Impoundment: Part 4 of 7 in the Compact BBA Series


This posting is the fourth in a 7 posting series explaining the Balanced Budget Amendment at the heart of the Compact for a Balanced Budget.

Previously, we explained that section 1 of the Balanced Budget Amendment ensures that the federal government cannot spend more than cash on hand from ordinary revenue sources and plain vanilla full faith and credit borrowing. Then we discussed how sections 2 and 3 of the model Amendment sets an initial constitutional debt limit that limits available borrowing capacity to 105% of the outstanding full faith and credit debt, plus any increase approved by a majority of state legislatures.

This posting explains section 4 of the Amendment, which enforces the spending and debt limits of sections 1 through 3.

Section 4 of the Compact's BBA establishes the enforcement mechanism for the debt limit it establishes. It requires the President to specify “impoundments”—what spending will not take place—when we reach a red zone of borrowing capacity-98% used. It empowers Congress to override the President's "impoundments" in 30 days with equal or greater amounts. To encourage accountability for the Country's Chief Executive, the Amendment specifies that the President's failure to enforce the debt limit is an impeachable misdemeanor.

Section 4 has been criticized with the contention that there is no reason to expect the threat of impeachment to incentivize the President to enforce the debt limit by making the required impoundments. This criticism is easily refuted.

First of all, how many Presidents when they had the impoundment power did not exercise it? The short answer is none. Presidents impound all the time. Every time a debt limit fight happens, that's what the President is doing when he stops allowing spending on national parks or grandma's social security check.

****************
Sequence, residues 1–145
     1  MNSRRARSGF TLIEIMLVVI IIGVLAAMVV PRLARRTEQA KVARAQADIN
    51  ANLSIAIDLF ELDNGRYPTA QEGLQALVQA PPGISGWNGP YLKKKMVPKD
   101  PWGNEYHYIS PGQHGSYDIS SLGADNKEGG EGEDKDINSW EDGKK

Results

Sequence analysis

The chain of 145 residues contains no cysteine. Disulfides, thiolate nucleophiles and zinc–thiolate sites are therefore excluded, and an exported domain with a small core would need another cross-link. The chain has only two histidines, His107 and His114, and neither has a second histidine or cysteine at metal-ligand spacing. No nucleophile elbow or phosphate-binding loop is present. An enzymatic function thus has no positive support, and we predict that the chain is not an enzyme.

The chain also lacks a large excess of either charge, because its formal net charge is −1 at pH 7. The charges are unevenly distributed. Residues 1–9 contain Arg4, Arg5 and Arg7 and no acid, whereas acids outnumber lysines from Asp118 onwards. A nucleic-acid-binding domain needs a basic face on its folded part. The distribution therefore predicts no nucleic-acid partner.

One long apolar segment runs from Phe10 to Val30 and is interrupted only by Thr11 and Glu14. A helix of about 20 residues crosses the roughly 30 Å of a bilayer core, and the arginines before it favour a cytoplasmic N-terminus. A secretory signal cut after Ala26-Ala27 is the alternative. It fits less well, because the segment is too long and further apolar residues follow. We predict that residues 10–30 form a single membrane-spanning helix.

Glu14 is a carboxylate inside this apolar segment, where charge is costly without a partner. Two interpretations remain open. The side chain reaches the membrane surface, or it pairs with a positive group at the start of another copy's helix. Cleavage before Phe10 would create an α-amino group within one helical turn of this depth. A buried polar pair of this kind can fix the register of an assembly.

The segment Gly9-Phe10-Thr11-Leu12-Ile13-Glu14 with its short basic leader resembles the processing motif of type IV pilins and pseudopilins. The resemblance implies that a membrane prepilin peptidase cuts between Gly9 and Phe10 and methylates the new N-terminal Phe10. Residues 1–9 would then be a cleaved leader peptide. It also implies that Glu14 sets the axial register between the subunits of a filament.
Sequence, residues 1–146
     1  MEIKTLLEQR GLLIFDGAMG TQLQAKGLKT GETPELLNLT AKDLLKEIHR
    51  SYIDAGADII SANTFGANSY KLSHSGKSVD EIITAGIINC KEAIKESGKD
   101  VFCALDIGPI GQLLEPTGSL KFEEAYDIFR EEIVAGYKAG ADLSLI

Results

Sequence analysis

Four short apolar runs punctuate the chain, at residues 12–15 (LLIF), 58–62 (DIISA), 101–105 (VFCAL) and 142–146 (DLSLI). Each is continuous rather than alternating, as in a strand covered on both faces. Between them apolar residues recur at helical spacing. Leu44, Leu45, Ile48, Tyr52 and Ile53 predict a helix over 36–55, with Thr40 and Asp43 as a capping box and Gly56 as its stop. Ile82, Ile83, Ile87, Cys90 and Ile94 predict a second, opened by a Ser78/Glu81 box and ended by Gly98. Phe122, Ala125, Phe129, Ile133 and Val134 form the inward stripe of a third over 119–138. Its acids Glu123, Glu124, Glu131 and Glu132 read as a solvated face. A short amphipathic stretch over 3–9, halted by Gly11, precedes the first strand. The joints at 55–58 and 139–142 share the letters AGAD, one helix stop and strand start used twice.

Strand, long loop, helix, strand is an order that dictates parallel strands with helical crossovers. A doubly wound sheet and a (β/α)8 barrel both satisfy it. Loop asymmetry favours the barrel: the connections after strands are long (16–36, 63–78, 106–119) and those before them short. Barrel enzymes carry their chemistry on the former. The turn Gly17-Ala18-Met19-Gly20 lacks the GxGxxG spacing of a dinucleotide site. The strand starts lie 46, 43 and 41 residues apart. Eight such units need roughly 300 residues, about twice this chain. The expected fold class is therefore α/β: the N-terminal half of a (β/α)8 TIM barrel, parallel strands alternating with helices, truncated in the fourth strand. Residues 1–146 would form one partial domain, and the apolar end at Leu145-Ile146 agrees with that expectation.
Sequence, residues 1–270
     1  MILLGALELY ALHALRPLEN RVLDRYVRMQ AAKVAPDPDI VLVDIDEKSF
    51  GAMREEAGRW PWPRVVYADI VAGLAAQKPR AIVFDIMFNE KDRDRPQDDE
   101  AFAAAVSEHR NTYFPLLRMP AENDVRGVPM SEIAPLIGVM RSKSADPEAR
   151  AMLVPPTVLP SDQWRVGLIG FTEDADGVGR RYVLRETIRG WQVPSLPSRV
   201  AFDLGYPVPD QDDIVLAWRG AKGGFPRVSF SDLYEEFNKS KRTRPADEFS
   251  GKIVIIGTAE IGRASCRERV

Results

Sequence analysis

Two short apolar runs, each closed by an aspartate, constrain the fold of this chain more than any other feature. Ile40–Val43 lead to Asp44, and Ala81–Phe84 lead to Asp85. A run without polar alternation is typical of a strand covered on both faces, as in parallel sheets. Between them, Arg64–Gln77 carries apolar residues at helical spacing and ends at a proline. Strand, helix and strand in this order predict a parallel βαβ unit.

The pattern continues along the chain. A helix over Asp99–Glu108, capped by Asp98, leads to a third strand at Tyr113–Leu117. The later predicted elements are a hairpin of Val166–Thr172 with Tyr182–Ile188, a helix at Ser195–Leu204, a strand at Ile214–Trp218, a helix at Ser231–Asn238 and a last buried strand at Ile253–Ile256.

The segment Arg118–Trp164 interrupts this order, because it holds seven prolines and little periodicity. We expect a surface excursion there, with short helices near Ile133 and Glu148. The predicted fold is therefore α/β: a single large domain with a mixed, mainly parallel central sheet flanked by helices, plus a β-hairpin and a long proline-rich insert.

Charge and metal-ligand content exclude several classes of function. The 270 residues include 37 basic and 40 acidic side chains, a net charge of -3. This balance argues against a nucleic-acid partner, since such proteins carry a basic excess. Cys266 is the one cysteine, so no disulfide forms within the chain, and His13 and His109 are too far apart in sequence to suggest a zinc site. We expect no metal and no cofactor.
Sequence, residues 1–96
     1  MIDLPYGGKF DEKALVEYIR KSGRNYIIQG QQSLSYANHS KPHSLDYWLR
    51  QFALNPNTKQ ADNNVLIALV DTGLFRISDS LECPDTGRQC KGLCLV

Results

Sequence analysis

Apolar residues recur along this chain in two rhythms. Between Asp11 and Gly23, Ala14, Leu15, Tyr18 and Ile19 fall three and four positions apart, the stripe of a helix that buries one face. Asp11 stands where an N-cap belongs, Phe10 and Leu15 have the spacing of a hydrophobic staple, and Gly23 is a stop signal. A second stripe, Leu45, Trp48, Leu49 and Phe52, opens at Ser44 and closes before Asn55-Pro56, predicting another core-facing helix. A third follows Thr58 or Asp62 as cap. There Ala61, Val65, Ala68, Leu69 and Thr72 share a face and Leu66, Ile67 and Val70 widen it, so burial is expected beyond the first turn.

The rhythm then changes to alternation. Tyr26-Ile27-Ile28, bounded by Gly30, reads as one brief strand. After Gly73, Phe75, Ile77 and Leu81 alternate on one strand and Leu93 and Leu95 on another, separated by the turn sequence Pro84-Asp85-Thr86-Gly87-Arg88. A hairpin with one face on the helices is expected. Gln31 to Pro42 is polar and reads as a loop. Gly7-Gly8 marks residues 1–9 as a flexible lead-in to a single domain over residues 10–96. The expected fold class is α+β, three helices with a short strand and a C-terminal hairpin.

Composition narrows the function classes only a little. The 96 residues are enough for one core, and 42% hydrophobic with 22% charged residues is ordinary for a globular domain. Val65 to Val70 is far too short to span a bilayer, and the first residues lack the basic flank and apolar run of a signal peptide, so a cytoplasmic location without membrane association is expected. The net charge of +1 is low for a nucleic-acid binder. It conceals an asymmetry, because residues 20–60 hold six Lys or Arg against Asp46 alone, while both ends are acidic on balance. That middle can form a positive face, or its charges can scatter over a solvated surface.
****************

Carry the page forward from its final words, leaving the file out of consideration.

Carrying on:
The critique of Section 4 thus starts with a false premise-that ordinarily Presidents would be reluctant to impound. Presidents are not reluctant to impound. What's great about section 4, is that it limits the abuse that can be done by the President in impounding by allowing Congress a simple majority override that does not require the President's signature--something that Congress does not have the power to do today, which is why Congress always loses the debt limit battle under the current regime.

Leaving this point aside, the foregoing critique of section 4 fails to grasp how the amendment makes the threat of impeachment powerful. Simply put, it establishes a clear and unequivocal line of political accountability to the President. If the President does not exercise his impoundment power, section 1's pay-as-you-go spending limit will immediately limit all federal government spending to taxes or non-borrowed income (such as from selling federal lands) when the debt limit is reached. This would be the mother of all sequesters. The howling would be intense. The special interests looking for political revenge would have a clear target, highlighted by the impeachment clause. It would be devastating politically to the President. And, most importantly, Congress would have every reason to enhance the blame placed on the President to avoid anyone remembering that they made the appropriations in the first place!

In the political context created by the Amendment, the threat of impeachment would look very, very real to the President. It is silly to suggest he would not try to avoid it. Why would he risk his presidency when all he has to do is what Presidents always do—impound spending to enforce a debt limit? The foregoing critique of section 4 shows inexperience with the political process.

Tomorrow, we'll talk about the Amendment's tax limit--section 5.

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